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How to find your Uber passenger rating (medium.com)
323 points by aaln on July 28, 2014 | hide | past | web | favorite | 189 comments



This is a lot easier than the Charles MITM proxy I used to intercept the Uber iPhone API calls to determine mine. I feel kind of silly now that I didnt bother checking the web API.

I also made a web scraper to get my uber trip details (incl. route driven), save it to JSON and map the trips all at once. http://i.imgur.com/Q1W59rD.jpg. Here's a quick dump of the code https://github.com/joshhunt/uber. It's pretty rough and it makes a lot of assumptions (e.g. metric system and AUD). I never really plan on looking at it again, so your milage may vary.

I also found their API structure to be quite unusual: They make a call to something like `api.uber.com/` with POST data of something like

    {
        url: '/api/user/123123123',
        method: 'get',
        location: [lat, long]
    }
and you'll recieve a response back of something like

    {
        responseData: {
            username: 'madeofpalk'
            ...rest of requested data...
        },
        vehicles: [
            ...list of all vehicles and their locations...
        ]
        ...other data that wasnt explicitly requested but comes through with every request...
    }
I had never seen this pattern before, and thought it was quite unusual (especially for a 'new hip startup' that uses Python and Node.js). Anyone care to comment on why they may have choosen something like this?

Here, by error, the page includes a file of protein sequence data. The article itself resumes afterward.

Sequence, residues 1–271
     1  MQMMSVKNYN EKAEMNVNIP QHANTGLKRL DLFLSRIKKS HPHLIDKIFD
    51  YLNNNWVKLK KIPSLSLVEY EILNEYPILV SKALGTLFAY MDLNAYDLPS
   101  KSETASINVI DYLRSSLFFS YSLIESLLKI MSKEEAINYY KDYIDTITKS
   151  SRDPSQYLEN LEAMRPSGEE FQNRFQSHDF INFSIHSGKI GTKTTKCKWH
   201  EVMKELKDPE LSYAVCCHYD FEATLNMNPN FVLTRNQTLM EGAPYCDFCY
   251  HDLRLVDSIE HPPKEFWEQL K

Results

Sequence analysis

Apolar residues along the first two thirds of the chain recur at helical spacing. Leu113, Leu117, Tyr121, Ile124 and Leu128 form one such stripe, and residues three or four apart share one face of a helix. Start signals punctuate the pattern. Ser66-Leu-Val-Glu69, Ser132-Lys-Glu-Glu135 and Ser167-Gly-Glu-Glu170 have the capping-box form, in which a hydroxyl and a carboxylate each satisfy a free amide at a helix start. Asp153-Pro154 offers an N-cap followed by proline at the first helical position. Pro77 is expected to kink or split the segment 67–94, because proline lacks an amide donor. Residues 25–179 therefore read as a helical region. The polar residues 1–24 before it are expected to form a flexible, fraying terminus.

This pattern is standard within SOA (Service Oriented Architecture).

You have two classes of services:

1. Technical Services

2. Business Services

The technical services may be REST, SOAP, etc. These deal with the nuts and bolts of: update this one thing, fetch a load of these things (where they are the same thing).

The business services are usually some flavour of RPC JSON or XML, and only occasionally are REST (think of a resource that is actually a composite of other resources, it's usually a business service).

The business service wraps the underlying technical service with the orchestration of which granular services to call, and returns something useful to the user (the client, in this case an app which is also made by the company).

What you quoted was the result of a business service, but you can imagine that behind that are services that individually fetch vehicles, user info, etc. The business service is just wrapping it and doing a useful thing for the user by returning the composite.